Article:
Maybe we should ask the Province to commission a BCA directly comparing the economic and social costs and benefits of the two projects?

It is important to remember that we have not decided to stop spending lots of money on infrastructure in Ontario, our decision is how to spend this money wisely.

Comment edited by kevlahan on 2012-08-29 16:53:14

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By jason (registered) | Posted August 29, 2012 at 21:25:32 in reply to Comment 80153

this is a great idea. I'm stunned that we're planning to spend that kind of money with no study on the ROI...well, actually I'm not stunned...

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By Fait Accompli (anonymous) | Posted August 30, 2012 at 14:18:25 in reply to Comment 80163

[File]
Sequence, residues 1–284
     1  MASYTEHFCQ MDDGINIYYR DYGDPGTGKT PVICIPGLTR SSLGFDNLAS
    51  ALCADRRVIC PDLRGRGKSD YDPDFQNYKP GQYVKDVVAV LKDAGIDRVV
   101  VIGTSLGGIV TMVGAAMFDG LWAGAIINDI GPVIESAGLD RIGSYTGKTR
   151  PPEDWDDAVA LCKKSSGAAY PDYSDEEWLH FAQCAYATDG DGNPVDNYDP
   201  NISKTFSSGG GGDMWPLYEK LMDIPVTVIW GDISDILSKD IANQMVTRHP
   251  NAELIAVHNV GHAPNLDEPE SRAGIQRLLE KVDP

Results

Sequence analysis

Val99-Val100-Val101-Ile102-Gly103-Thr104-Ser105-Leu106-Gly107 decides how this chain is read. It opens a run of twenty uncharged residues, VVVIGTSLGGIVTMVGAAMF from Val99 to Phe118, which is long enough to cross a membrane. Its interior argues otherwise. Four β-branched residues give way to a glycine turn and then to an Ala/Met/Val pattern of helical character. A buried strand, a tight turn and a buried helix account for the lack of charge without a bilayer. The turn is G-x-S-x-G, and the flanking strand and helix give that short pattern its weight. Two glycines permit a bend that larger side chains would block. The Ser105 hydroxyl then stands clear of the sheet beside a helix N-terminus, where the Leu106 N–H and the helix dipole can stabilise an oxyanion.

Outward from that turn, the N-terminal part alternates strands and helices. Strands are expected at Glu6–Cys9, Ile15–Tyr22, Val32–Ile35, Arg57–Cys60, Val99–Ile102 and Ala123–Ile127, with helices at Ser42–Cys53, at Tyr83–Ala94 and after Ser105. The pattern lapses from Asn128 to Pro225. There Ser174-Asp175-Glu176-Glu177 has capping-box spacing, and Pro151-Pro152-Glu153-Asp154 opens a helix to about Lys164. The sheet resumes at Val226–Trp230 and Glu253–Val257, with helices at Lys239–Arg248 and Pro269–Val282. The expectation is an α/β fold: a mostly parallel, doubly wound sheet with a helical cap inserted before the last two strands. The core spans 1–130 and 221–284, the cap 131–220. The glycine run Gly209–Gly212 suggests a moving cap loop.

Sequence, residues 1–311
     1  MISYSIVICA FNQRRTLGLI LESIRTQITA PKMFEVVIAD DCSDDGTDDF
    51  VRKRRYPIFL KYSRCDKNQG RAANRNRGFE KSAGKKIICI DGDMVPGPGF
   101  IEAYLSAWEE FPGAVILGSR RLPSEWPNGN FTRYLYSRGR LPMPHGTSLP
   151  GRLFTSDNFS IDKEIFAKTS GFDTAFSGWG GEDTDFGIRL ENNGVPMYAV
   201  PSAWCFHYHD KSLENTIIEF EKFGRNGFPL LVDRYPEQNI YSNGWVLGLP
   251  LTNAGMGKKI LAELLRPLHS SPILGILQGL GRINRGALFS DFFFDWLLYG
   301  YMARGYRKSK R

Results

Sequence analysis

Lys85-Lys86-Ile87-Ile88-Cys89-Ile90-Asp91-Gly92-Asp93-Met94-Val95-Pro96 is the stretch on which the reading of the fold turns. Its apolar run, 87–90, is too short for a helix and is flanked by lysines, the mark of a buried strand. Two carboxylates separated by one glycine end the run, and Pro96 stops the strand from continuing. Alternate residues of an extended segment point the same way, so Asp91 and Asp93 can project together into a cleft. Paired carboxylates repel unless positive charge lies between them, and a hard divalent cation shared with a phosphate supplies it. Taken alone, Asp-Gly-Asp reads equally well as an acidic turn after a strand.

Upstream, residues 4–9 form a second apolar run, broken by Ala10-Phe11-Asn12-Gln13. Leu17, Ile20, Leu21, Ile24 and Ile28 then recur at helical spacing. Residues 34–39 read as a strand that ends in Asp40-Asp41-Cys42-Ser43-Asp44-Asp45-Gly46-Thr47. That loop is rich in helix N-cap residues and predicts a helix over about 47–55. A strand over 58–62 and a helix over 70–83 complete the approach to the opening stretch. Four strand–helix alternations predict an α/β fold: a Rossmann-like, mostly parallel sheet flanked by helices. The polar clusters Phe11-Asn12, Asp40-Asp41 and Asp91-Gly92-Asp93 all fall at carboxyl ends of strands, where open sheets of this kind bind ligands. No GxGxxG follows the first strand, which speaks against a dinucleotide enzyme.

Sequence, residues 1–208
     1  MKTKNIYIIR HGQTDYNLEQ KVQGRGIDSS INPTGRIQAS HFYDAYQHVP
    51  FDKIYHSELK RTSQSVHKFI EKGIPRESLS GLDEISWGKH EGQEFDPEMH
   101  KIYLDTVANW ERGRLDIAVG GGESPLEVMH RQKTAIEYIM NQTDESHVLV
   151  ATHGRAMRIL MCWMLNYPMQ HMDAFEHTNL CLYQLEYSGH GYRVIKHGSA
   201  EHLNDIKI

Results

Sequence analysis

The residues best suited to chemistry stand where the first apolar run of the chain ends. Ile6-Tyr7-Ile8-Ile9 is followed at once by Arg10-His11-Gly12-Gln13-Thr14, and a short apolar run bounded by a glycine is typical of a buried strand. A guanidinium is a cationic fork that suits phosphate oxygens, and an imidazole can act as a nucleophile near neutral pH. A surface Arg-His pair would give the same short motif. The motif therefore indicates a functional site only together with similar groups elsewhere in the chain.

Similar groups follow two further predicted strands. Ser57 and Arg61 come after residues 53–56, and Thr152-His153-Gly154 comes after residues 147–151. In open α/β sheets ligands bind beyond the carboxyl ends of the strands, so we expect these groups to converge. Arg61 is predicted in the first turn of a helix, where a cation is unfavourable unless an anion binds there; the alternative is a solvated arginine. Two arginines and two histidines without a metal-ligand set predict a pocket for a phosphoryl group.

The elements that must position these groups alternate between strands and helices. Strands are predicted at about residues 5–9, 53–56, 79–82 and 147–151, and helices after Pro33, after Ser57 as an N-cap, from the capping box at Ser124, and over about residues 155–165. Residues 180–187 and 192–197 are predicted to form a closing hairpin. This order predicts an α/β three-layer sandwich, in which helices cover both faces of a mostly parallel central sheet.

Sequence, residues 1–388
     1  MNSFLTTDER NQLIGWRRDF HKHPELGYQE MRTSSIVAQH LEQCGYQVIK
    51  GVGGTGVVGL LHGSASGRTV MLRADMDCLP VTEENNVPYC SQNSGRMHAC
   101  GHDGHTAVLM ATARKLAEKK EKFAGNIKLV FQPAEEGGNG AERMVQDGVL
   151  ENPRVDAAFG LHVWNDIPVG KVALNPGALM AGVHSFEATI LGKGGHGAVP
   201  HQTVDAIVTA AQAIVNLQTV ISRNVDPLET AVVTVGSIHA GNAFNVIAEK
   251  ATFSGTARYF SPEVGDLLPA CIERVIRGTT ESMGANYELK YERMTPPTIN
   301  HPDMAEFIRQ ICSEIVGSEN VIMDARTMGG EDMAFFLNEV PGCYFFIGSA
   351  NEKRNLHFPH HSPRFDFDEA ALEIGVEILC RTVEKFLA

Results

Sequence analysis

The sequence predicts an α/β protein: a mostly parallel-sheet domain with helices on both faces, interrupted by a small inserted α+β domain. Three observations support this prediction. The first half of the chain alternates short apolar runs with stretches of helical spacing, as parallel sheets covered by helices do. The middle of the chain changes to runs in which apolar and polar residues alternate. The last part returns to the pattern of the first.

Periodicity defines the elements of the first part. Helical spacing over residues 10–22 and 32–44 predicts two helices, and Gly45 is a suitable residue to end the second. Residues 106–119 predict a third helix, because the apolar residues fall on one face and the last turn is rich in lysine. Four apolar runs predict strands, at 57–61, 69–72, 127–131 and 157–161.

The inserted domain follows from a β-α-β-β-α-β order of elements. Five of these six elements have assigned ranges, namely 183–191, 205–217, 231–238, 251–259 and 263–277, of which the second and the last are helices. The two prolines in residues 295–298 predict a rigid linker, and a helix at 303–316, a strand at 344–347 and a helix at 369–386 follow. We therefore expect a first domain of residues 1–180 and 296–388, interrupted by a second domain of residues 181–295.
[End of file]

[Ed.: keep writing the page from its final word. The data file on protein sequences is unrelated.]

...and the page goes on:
#YouCanDoAnythingInHamilton

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By Mr. Bump (anonymous) | Posted August 29, 2012 at 17:08:45

Ontario municipalities must ask themselves if they can afford to continue allowing police and firefighters to bank unused sick days during these tough economic times, Premier Dalton McGuinty said Wednesday.... “Municipalities are going to have to ask themselves those kinds of questions, but from our perspective those are one of the things that we’ve got to take a new and fresh look at today,” he said.

http://www.theglobeandmail.com/news/politics/mcguinty-considers-scrapping-bankable-sick-days-for-police-firefighters/article4508024/?service=print

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By Collector (anonymous) | Posted August 30, 2012 at 06:58:13